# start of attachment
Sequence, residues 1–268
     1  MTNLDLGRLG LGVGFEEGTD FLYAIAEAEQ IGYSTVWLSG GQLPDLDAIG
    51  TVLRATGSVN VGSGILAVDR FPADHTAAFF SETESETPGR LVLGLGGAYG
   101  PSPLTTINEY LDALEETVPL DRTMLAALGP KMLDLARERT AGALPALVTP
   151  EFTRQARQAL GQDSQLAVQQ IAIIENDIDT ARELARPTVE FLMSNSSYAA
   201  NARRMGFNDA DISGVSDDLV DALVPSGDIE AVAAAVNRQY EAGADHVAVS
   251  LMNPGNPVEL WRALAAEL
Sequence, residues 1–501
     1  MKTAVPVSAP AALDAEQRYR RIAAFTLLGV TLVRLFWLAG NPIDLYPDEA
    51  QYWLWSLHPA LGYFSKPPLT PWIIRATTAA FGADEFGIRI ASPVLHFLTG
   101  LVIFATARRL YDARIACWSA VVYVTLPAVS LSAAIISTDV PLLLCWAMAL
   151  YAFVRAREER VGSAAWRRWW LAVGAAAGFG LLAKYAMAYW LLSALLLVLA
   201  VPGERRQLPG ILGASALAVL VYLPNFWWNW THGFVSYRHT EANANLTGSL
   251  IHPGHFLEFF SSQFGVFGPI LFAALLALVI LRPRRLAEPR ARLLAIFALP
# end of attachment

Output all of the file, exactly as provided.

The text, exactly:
Sequence, residues 1–268
     1  MTNLDLGRLG LGVGFEEGTD FLYAIAEAEQ IGYSTVWLSG GQLPDLDAIG
    51  TVLRATGSVN VGSGILAVDR FPADHTAAFF SETESETPGR LVLGLGGAYG
   101  PSPLTTINEY LDALEETVPL DRTMLAALGP KMLDLARERT AGALPALVTP
   151  EFTRQARQAL GQDSQLAVQQ IAIIENDIDT ARELARPTVE FLMSNSSYAA
   201  NARRMGFNDA DISGVSDDLV DALVPSGDIE AVAAAVNRQY EAGADHVAVS
   251  LMNPGNPVEL WRALAAEL
Sequence, residues 1–501
     1  MKTAVPVSAP AALDAEQRYR RIAAFTLLGV TLVRLFWLAG NPIDLYPDEA
    51  QYWLWSLHPA LGYFSKPPLT PWIIRATTAA FGADEFGIRI ASPVLHFLTG
   101  LVIFATARRL YDARIACWSA VVYVTLPAVS LSAAIISTDV PLLLCWAMAL
   151  YAFVRAREER VGSAAWRRWW LAVGAAAGFG LLAKYAMAYW LLSALLLVLA
   201  VPGERRQLPG ILGASALAVL VYLPNFWWNW THGFVSYRHT EANANLTGSL
   251  IHPGHFLEFF SSQFGVFGPI LFAALLALVI LRPRRLAEPR ARLLAIFALP